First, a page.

NORMATIVE CONSENSUS IN JUDGMENTS OF PRISON SENTENCES: POPULAR AND SELECTED CRIMINAL JUSTICE SYSTEM PERCEPTIONS OF FAIR PUNISHMENTS FOR CONVICTED OFFENDERS (GENDER, RACE)
The purpose of this study is to investigate empirically the extent of consensus in normative systems for punishing convicted offenders.
A factorial survey design was used to elicit either 25 or 50 distinct harshness ratings of prison terms given out hypothetically to convicted felons from more than 1,400 respondents. A block quota sample of Boston SMSA households and convenience samples of police, law students, and state prison inmates were interviewed.
The general population respondent sample is segmented into gender by race groups for analysis. Proximity to crime and subjective experiences with crime vary by race and gender and may account for differences observed in judgments of prison sentences.
Four indicators of judgment agreement derived from multiple regression models are used to investigate the extent of normative consensus found within the general population and across three selected groups of criminal justice system respondents. In general, these indicators suggest dissensus between the races that may be attributable to perceptions of injustice among blacks. More importantly, these indicators uncover more judgment disagreements between black men and black women than between blacks and whites, suggesting that structured differences in crime related experiences account for perceptions of fair punishments for convicted offenders.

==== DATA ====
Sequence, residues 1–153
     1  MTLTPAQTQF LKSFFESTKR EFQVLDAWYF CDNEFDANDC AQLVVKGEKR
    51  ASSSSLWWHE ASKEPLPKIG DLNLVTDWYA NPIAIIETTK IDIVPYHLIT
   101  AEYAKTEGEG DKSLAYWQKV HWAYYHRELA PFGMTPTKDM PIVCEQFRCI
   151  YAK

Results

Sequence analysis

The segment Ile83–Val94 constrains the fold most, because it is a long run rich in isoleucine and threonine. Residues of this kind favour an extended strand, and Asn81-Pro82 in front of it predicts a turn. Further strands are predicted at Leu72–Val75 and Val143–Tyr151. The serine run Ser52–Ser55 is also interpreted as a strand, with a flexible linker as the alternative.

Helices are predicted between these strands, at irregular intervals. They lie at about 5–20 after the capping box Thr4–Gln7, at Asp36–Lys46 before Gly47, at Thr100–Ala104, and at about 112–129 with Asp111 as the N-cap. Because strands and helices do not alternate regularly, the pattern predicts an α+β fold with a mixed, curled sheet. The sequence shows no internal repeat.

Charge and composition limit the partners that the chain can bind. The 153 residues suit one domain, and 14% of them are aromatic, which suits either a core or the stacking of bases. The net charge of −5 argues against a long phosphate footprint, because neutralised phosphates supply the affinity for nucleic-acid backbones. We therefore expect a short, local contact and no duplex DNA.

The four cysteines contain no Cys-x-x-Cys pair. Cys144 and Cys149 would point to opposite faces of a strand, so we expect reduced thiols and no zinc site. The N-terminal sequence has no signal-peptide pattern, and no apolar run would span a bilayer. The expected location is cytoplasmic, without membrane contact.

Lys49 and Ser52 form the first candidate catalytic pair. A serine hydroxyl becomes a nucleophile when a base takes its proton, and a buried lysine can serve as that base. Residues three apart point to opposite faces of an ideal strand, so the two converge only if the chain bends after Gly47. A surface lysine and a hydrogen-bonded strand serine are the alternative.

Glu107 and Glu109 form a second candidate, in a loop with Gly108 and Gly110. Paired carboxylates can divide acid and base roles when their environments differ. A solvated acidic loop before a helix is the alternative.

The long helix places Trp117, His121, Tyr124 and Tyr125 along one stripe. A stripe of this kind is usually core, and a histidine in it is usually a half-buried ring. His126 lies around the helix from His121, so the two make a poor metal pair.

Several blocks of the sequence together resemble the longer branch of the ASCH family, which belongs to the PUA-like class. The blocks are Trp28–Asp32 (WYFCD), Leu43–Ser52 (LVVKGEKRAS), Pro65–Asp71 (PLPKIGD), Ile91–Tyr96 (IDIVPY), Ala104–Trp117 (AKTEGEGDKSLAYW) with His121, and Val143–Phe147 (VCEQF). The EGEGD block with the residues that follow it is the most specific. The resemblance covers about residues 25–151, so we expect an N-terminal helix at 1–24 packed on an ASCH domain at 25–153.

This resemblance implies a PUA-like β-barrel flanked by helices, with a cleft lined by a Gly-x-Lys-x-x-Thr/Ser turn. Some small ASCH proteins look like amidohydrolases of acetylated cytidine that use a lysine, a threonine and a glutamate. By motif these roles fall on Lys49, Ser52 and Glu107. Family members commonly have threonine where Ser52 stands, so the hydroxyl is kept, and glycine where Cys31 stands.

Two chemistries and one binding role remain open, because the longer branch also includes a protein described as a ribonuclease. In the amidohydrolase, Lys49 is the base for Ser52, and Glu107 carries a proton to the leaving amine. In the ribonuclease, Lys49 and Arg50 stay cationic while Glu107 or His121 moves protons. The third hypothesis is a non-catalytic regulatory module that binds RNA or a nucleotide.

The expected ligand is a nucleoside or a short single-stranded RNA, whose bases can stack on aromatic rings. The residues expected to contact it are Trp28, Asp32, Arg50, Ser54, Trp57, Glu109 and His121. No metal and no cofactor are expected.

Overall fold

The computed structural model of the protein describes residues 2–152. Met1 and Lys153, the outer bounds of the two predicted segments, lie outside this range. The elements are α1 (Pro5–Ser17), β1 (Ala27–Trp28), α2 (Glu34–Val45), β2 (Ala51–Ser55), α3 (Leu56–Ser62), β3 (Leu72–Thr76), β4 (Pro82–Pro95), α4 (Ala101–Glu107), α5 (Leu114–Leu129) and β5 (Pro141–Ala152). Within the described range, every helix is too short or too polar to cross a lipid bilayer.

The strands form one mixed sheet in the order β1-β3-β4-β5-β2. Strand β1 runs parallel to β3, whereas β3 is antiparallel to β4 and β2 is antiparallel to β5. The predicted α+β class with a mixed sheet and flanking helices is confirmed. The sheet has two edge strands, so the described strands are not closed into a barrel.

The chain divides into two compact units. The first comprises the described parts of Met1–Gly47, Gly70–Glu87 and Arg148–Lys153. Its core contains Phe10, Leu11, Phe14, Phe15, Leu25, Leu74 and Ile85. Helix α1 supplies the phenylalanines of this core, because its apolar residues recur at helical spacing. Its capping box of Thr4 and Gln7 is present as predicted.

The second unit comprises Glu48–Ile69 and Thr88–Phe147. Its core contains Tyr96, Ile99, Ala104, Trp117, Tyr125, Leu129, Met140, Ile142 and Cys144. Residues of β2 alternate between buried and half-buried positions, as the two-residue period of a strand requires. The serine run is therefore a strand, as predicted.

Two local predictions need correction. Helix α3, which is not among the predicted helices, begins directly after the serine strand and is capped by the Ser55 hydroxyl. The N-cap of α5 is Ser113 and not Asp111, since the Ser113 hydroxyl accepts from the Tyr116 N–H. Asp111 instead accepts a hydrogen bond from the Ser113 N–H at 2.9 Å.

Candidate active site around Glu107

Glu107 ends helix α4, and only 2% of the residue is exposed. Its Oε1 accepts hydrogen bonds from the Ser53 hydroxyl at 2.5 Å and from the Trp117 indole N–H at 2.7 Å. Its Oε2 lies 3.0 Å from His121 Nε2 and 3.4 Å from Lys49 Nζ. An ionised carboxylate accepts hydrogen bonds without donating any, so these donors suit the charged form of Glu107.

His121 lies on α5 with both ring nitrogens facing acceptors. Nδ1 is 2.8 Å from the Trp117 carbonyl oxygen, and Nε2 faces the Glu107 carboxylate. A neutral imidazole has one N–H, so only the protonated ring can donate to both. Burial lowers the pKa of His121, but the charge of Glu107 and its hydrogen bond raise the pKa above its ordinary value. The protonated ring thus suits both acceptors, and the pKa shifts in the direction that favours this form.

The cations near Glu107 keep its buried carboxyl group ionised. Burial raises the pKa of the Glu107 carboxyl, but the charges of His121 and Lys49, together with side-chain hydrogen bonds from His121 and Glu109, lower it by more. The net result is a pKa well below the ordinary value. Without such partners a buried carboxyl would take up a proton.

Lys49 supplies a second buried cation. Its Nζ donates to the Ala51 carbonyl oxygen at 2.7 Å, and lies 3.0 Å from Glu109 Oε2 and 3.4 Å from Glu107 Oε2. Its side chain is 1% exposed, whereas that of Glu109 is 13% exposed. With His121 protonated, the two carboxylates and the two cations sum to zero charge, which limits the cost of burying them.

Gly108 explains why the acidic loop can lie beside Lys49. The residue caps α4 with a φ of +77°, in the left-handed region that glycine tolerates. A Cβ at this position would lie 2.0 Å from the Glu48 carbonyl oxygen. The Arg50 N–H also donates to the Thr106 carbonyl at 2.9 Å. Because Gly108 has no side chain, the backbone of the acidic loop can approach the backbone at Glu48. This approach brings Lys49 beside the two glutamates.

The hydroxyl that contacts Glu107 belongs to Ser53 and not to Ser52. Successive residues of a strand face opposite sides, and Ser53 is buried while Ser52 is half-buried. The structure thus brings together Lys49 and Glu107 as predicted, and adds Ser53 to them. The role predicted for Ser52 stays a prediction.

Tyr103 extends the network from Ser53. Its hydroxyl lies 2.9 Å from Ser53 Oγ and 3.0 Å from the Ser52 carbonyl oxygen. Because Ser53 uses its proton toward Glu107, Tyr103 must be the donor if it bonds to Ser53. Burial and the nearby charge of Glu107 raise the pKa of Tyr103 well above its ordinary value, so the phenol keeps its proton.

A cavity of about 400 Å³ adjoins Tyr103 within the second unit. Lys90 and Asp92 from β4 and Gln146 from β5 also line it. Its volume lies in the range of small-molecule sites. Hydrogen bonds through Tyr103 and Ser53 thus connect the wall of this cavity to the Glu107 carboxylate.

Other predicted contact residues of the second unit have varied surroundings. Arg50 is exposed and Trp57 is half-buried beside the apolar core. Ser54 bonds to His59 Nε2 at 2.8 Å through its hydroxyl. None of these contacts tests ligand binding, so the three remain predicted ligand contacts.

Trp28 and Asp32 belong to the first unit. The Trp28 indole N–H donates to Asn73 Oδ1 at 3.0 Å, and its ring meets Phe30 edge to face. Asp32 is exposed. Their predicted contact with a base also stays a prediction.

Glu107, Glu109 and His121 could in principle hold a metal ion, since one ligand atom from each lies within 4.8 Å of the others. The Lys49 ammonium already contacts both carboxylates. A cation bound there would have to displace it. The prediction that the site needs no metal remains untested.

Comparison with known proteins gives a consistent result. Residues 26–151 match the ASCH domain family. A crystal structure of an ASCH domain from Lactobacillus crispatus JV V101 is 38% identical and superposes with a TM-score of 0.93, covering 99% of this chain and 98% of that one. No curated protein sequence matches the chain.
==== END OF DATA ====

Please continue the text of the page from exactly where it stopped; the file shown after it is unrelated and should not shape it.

An investigation of judgments made by criminal justice system respondent groups shows prisoners dissent from the view shared by police and law students of who should get what prison sentence. State prison inmates are strongly influenced by the offender's personal attributes when forming judgments of fair punishments.
Overall, the empirical analysis of judgments of prison sentences suggests that whites in the general population, police, and law students share the view that the just deserts principle for criminal sentencing can achieve justice. Blacks and state prison inmates share the view that an individualized justice model for sentencing can achieve fair systems for punishing offenders. Proximity to the crime problem and minority group status in the U.S. are suggested as two possible explanations for dissenting judgments of normative systems for distributing punishment.